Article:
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Gentle plant worker took life as it came

Published Aug. 27, 2005

William T. "Bill" Bowers was a good worker.

The kind with a strong work ethic, who showed concern for employees when he heard of layoffs, not just within his own company, but at others.

How are these people going to support their families? he wondered aloud.

He quietly gave people money, just to help.

He was reliable and didn't have to be told what to do. Not the competitive type, more the cooperative kind.

Bowers' approach on work may have developed at a young age. He started working when he was 11 at his family's electric contracting company in Ohio.

At Progress Energy Florida's Crystal River complex, Bowers was a plant operator, and everybody liked him.

So news of the accident that led to his death Friday hit hard.

He had been opening a valve on a high-pressure pump in a coal-burning plant about 8 p.m. Thursday. The valve exploded, workers said.

Bowers, 49, was airlifted to Tampa General Hospital.

His skull was fractured, his brain was bleeding and his right arm was almost severed, according to Bowers' "life partner" of almost six years, Cathleen Foley, 54. She said head trauma from the explosion caused his death.

Both Progress Energy and the U.S. Occupational Safety and Health Administration are investigating the accident.

Foley describes the accident as "freak-type."

"It shouldn't have happened, but it did," she said. "I'm trusting that Progress Energy will do their best to make sure this doesn't happen again."

Foley was just coming inside the Yankeetown house she shared with Bowers Thursday night when she got a call from a Progress Energy human resources employee. She met the employee in Crystal River and he drove her to Tampa General, where Bowers first was treated in the emergency room, then in the ICU.

Bowers' supervisor also was there, Foley said.

Bowers didn't deserve it, he told her. He probably didn't know what hit him, hospital staff said.

After seeing how mini-strokes had affected his father, whose health had brought him to Florida in the mid 1980s, Bowers hoped for a death that wouldn't linger, Foley said.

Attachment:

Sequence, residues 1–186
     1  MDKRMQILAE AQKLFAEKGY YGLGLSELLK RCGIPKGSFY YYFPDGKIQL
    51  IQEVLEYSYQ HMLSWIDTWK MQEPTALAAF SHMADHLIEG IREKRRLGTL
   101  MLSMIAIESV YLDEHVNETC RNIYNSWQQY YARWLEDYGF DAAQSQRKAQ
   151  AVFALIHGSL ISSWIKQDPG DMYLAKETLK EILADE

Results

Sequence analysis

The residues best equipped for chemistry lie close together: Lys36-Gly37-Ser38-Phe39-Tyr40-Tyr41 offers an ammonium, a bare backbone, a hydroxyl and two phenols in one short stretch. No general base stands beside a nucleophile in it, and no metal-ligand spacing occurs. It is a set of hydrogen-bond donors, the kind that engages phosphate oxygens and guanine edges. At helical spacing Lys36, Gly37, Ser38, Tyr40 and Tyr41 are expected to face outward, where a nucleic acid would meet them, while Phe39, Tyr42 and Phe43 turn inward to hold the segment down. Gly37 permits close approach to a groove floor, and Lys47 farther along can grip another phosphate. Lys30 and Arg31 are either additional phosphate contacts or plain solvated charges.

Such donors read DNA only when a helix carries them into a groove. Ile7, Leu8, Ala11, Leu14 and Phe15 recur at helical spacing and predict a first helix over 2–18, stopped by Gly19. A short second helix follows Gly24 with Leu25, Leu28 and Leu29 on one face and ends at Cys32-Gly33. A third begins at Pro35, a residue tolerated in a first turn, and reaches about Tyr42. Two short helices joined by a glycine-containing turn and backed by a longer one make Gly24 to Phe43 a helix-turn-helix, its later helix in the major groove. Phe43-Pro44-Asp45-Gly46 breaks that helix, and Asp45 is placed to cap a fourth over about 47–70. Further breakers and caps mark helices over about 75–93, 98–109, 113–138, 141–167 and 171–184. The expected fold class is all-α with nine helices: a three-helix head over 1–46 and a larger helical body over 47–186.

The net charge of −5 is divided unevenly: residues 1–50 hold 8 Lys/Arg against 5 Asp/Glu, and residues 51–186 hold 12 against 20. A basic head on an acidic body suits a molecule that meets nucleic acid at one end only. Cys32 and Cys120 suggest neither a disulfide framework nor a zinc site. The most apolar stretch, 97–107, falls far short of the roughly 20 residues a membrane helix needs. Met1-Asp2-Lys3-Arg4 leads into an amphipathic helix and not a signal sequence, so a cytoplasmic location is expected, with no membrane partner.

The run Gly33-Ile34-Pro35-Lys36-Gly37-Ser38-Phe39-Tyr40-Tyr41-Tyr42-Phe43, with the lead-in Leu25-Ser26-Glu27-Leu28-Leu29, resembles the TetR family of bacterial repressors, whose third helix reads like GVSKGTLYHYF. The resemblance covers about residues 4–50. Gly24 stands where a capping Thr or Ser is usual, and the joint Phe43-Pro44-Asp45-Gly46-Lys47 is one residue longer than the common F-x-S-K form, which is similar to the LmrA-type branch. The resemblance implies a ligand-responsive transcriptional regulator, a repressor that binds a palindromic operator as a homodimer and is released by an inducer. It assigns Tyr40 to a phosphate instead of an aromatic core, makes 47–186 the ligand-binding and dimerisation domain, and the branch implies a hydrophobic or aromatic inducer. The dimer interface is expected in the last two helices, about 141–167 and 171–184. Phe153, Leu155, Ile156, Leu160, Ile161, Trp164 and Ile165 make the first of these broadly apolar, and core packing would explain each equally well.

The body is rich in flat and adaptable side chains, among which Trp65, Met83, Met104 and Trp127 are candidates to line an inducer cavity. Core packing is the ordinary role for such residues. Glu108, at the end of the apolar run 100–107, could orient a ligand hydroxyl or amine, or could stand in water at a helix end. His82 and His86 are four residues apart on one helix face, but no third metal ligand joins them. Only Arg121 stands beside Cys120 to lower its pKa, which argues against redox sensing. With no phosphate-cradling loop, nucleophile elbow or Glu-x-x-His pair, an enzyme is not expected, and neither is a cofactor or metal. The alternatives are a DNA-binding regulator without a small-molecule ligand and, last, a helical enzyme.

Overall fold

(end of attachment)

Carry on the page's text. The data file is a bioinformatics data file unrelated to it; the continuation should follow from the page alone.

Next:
After he died, Bowers donated both his kidneys.

From the number of phone calls she has received and from talking to other workers, Foley said Bowers' death seems to have shaken and touched many. Grief counselors were brought in for his Progress Energy co-workers, she said.

"It's just hit a lot of us."

Bowers had a nice and quiet way about him, Foley said. Gentle, generous and caring. He liked nature and Native American spirituality.

At home, Bowers was relaxed and laid back. He didn't have to be constantly achieving or on the run.

"He very much took life as it came," Foley said.

She was the hurried one, the one with too much on her plate. Bowers tried to help Foley understand that she didn't have to be busy all the time. Once he said to her, "Just be. It's been what you've been looking for all your life."

The morning of Bowers' death, Foley planned to make invitations for a surprise party for his birthday on Feb. 25 .

They met on Easter Sunday in 1998.

Foley had recently moved down from New York, where she worked 50-hour weeks as a recreational therapist, after making a decision to slow down. She wanted to be in a warm place, where she could wear sandals all the time.

While Foley went to massage school in Gainesville, she stayed with her snowbird parents in Yankeetown. Bowers' older sister, Cherie, was her neighbor. Foley was invited to Easter dinner.

"Bill didn't say anything that day," Foley recalled. But a few days later, the quiet man spoke up. He wanted to be with her. They called each other their soul mates.

The couple had no routine. Bowers was a shift worker and Foley's schedule as a massage therapist varied, too. Some days they spent the whole day together, and others they only had 10 minutes. Some nights she slept alone and some mornings she woke up without him.

As more time passes without him, Foley anticipates Bowers' death is going to hit her. But what she said she feels now is intense sorrow.

"I believe some day down the road I'll understand it," she said. "But for today, this is how it is."

_ Suzannah Gonzales can be reached at 860-7312 or